A global thinker, influential environmentalist and the world’s best-known paleoanthropologist, Richard Leakey has been making international headlines for more than 30 years.
As former Director of the National Museum of Kenya and the Kenya Wildlife Service, Leakey has used his leadership skills and influence to raise money for wildlife preservation. Now a Visiting Professor of Anthropology at Stony Brook University , Leakey, one of the foremost authorities on wildlife and nature conservation, continues to educate others about the dangers of environmental degradation.
Leakey received the 2003 Earthwatch Institute Conservation Award for his efforts on behalf of sustainable development. He also was awarded the Humane Society’s Joseph Wood Krutch Medal for his contributions to improve the environment.
He currently is organizing the Stony Brook World Environmental Forum, which will gather 100 of the world’s top scientists and government officials to discuss the implementation of major international initiatives —addressing solutions to such global issues as climate change, biodiversity, inequities of wealth, AIDS and sustainable development. Leakey is developing a $500 million endowment for wildlife preservation for the National Parks of East Africa.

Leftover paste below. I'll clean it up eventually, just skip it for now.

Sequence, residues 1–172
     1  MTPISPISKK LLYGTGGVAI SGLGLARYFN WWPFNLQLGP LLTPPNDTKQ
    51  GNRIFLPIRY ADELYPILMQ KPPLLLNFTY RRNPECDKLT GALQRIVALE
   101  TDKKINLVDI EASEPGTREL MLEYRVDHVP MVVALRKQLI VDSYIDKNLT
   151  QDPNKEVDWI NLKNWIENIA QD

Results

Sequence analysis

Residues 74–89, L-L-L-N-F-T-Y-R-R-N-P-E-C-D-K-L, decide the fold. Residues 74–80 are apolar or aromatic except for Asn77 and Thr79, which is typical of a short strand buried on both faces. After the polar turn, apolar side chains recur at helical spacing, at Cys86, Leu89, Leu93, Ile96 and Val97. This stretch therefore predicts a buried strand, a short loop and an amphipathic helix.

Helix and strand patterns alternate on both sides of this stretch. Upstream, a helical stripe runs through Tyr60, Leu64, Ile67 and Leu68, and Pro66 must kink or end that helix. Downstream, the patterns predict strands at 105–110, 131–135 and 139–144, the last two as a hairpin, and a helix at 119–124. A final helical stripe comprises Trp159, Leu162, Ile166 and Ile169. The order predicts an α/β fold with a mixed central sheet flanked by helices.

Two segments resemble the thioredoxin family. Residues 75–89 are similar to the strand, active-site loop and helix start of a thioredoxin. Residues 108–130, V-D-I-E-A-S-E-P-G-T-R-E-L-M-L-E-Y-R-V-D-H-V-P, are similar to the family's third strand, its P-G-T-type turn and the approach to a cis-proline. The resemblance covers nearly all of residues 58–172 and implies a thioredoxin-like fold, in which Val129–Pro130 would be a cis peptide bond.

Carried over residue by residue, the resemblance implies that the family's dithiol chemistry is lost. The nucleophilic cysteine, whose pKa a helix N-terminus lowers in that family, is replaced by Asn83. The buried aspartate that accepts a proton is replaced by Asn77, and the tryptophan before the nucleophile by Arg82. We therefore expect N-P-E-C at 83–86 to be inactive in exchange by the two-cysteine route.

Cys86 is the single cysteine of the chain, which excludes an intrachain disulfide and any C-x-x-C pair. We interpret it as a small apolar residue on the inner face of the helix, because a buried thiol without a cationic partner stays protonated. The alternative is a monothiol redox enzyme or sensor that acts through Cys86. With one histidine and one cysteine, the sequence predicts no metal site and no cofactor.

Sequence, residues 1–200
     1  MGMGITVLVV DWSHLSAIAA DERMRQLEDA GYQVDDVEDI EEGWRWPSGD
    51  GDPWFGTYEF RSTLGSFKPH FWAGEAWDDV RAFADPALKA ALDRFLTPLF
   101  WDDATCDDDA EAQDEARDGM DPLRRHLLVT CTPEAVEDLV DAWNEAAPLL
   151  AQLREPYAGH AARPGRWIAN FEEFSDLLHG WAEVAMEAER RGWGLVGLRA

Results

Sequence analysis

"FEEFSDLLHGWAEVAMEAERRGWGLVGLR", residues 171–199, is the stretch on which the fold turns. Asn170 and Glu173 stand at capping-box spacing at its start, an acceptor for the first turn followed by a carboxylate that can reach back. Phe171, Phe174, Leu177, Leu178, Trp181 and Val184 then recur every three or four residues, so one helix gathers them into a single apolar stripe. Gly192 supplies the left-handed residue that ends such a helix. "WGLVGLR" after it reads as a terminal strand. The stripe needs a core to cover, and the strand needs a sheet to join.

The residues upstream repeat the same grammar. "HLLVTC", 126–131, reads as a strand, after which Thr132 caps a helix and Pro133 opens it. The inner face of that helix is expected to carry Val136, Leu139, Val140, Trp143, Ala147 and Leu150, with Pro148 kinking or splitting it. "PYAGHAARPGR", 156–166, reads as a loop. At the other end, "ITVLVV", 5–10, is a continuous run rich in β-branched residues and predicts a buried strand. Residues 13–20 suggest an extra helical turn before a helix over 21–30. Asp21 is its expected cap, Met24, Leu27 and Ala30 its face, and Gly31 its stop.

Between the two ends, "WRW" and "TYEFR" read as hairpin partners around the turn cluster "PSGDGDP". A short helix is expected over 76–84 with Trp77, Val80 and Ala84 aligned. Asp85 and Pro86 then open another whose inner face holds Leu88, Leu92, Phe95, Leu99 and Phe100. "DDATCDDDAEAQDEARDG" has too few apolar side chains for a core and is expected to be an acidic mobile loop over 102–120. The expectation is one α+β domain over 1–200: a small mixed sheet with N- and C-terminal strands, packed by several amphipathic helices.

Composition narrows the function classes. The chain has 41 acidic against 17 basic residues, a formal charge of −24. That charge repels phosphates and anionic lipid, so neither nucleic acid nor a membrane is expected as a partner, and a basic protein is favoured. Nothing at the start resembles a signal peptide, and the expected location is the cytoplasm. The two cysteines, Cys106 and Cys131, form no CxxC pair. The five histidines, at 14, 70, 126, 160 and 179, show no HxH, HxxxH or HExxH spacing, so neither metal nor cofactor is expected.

The son of the famous Drs. Louis B. and Mary Leakey, Leakey has been credited with some of the most significant fossil discoveries of the 20th century. He is the author of over 100 articles and books, including Origins, The Sixth Extinction, and his memoir, Wildlife Wars: My Fight to Save Africa ’s Natural Treasures.
The Stony Brook Human Evolution Workshop, which he convened in 2004, brought together many of the world’s leading anthropologists and archaeologists. The workshop shed light on when and how our lineage acquired modern human anatomy and behavior.
Leakey has served his native Kenya as a senior government official, opposition political activist, conservationist, museum director, scientific researcher and farmer. He became Director of the Kenya Wildlife Service in 1989 and led a movement to end elephant poaching in Africa that all but eliminated the international ivory trade. He resigned in 1994, declaring that corruption had undermined the organization.
Despite constant government-sponsored verbal and physical attacks and a plane crash that claimed both of his legs, Leakey continued to fight, establishing the political party Safina to unify the opposition to President Daniel arap Moi. In 1999 he was appointed Head of the Civil Service and Secretary of the Cabinet. Heated conflicts between Leakey and the Kenyan government arose once again and he was forced to step down. Yet his influence remained. In 2002 he supported the historic presidential election victory of opposition candidate Mwai Kibaki, signaling a new day in Kenya ’s future and its fight for democracy.
Leakey has been profiled on 60 Minutes and was named one of TIME’s 100 Greatest Minds of the 20th Century. In 2005, he was recognized by Fortune Magazine as one of the 35 most innovators of our time.